The midterms are upon us

By
November 5, 2018

Photo by Marisa Tangeman

The days are getting shorter, workloads are getting heavier and deadlines are getting closer. Sprinkle on the looming results of the midterms both academically and politically—piping fresh in the collective psyche; many may be wondering “where do we go from here?”

Sure, commiserating online via existential memes is certainly a viable option, but it’s not the only one. As someone who—full disclosure—is not a trained professional, and has struggled with mental health issues, I’ve compiled some tips that have helped me, in hopes of lightening your load that you can try, keep, or leave at your discretion.

  1. Sometimes it helps to get a sense of who we are in order to identify what we need. Stay with me here, what I’m advocating for is strengthening self-awareness, and sometimes it helps to have an abstract outside perspective of how those traits interact with ourselves and others. A fun approach to this could be taking a personality test. A few to look out for are the classic Myers-Briggs test, the Hartman personality profile or taking a deep dive into your astrological charts, which are available for free online. Again, emphasis here on exploration and paying attention to the parts that feel true for you, and incorporating that feedback in the way that you structure your time and energy.
  2. Soak up the sun: Literally. Apply that sunscreen on and set forth into the picturesque sunscape that is available on Mills campus, whether that’s a hike through the trails or simply laying a blanket out on the Founders Lawn. According to the article “Vitamin D and Depression: Where’d all the Sunshine Go?” published in the National Institutes of Health Journal, states that “recently, vitamin D has been reported in the scientific and lay press as an important factor that may have significant health benefits in the prevention and the treatment of many chronic illnesses…Sunshine has been suggested as an approach to maintain healthy vitamin D levels. Holick (2004) reported that sun exposure to the arms and legs for five to ten minutes, two or three times per week, may be beneficial for maintaining vitamin D sufficiency.”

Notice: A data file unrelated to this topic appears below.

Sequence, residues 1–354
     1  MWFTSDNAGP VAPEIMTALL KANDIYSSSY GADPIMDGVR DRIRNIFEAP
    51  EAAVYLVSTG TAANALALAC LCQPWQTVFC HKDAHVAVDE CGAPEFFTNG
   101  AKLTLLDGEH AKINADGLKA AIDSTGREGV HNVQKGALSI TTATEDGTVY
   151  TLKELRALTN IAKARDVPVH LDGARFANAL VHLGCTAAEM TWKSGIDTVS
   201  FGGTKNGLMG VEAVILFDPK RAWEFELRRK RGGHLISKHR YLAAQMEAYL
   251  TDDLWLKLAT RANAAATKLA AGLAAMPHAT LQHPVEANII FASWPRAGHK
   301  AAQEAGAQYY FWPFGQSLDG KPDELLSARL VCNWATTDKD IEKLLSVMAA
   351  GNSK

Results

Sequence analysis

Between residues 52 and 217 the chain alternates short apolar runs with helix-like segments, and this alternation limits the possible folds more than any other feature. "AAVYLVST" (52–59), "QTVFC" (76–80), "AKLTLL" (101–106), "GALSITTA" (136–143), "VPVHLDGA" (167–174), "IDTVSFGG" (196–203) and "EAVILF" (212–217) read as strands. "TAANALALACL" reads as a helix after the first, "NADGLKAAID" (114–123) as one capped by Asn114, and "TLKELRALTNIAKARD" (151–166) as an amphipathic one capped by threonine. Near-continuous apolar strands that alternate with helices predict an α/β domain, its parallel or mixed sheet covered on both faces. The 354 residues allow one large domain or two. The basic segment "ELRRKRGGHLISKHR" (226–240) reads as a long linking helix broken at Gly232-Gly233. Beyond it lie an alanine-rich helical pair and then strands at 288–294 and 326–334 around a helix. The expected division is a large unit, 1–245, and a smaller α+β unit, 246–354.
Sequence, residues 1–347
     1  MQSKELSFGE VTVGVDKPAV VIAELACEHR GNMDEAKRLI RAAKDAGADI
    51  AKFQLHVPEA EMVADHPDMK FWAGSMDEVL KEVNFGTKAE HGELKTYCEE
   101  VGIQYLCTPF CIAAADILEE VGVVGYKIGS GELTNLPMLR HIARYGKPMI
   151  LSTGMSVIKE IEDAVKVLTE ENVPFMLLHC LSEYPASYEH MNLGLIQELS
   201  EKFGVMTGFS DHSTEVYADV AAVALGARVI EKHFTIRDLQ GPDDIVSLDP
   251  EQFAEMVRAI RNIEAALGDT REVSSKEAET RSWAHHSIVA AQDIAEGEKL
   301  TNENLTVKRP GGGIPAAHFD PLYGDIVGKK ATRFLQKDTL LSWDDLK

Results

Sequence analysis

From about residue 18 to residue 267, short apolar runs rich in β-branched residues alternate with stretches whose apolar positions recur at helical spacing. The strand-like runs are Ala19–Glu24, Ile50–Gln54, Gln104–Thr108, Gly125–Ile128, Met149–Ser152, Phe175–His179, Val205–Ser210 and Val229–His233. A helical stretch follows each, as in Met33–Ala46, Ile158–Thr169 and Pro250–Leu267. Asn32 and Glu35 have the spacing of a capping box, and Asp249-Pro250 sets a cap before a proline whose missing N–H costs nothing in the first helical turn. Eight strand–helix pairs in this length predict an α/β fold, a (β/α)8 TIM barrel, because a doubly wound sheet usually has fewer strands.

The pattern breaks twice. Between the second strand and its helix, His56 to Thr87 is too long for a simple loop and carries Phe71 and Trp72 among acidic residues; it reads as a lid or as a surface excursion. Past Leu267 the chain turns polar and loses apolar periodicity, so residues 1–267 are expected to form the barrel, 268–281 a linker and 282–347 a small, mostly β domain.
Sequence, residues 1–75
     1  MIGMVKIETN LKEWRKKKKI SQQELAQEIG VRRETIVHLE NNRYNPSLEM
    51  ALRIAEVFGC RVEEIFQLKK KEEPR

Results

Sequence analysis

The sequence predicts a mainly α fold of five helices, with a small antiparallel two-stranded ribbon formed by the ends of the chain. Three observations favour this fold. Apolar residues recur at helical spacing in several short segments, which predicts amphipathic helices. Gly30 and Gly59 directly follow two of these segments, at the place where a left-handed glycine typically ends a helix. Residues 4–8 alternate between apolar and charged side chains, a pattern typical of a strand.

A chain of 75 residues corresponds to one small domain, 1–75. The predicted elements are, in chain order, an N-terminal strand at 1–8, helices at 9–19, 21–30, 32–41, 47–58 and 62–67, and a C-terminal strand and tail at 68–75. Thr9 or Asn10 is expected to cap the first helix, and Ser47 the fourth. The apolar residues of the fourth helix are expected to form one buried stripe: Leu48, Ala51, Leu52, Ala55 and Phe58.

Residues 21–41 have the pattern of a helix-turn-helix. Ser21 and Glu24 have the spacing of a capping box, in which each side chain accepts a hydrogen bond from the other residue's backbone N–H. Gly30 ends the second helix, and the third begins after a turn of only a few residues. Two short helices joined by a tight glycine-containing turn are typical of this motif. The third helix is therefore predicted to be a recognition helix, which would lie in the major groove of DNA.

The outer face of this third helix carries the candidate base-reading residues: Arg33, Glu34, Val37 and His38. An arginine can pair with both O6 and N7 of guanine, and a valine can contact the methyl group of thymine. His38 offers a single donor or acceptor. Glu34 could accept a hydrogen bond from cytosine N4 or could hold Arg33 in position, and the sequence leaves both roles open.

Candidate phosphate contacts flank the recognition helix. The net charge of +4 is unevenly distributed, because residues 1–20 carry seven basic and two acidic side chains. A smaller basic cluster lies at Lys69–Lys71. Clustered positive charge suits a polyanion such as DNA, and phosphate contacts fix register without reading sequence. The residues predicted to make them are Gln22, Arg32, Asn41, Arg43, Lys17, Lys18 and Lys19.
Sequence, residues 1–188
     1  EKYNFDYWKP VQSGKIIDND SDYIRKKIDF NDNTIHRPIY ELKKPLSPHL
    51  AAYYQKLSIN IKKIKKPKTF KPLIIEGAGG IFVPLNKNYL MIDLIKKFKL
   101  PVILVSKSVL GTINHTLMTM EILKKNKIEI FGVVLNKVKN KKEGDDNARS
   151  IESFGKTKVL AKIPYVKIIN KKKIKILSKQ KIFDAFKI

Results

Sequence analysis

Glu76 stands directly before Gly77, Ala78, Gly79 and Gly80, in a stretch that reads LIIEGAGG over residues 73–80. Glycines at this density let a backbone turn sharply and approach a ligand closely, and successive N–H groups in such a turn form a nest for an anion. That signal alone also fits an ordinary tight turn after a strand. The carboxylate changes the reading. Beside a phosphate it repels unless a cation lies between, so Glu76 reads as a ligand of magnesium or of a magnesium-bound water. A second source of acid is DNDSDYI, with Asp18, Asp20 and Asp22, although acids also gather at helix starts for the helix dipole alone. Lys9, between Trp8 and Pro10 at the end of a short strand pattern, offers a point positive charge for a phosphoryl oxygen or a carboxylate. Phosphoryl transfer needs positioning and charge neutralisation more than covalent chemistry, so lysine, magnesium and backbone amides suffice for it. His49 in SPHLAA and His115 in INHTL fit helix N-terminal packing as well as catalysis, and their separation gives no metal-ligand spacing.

3. If you’re feeling especially ambitious, there are a plethora of sites to see and experience that, comparatively speaking are not too far away via Bart or car ride. KQED has a cute list of “Best Holiday Hikes in the Bay Area” to compliment your wanderlust.
  4. If nature is not quite your jive, incorporating physical exercise into your daily routine in measured doses can also help amp up endorphins. Mills offers several clubs, physical education classes, and a student gym that can help curb the costly upfront fees found in other public classes and spaces.
  1.  Try a variety of seasonally available fruits and veggies, and try to notice your food’s texture and taste. A general rule of thumb, with this approach, is in trying to incorporate as many “colors” as you can on your plate, which will get a variety of nutrients in your system—plus it looks quite pretty.
  1. I don’t need to tell you that music can help boost one’s mood, but Psychology Today’s article “Music Therapy for Health and Wellness” outlines the benefits quite neatly, writing that “music is often linked to mood. A certain song can make us feel happy, sad, energetic, or relaxed…Types of music differ in the types of neurological stimulation they evoke.” Especially paired with physical activity re: dancing, exercising, strolling. For that reason, I’d love to pitch listening to some feel good podcasts that pair salty and sweet commentary quite nicely: Food 4 Thot, The Cooler, Keep It!, Hysteria, and Getting Curious with Jonathan Van Ness.
  1. Mills College offers each student eight free counseling sessions through CAPS (counseling and psychological services), they also have a list of handy non-profit, sliding scale counseling and mental health services to check out—I’d personally recommend Queer Life Space in San Francisco. Additionally, TAO, which is Mills’ free, online confidential self-help resource to help manage stress and anxiety, enables relaxation “in the comfort of your own space.”
  1. Being present, and leaning into the relationships that you develop—first with yourself and those in your chosen and consequential community. Mills offers monthly events for tailored specifically to develop such connections in a few meet-ups, “What’s the T?” which is on the first Wednesday of every month 12 p.m. to 1 p.m. for folks in the LGBTQ+ community to dish the tea, and check in with one another, as well as “Talks & Takis” which is the last Wednesday of every month 12 p.m. to 1 p.m. for People of Color to engage in a safe space with one another, both in the solidarity lounge.

Whatever your flavor, treat yourself this fall to a solid self care routine that will help keep your wheels moving and know that your not alone.


The midterms are upon us was published on November 5, 2018 in Sports & Health

Print this page Print this page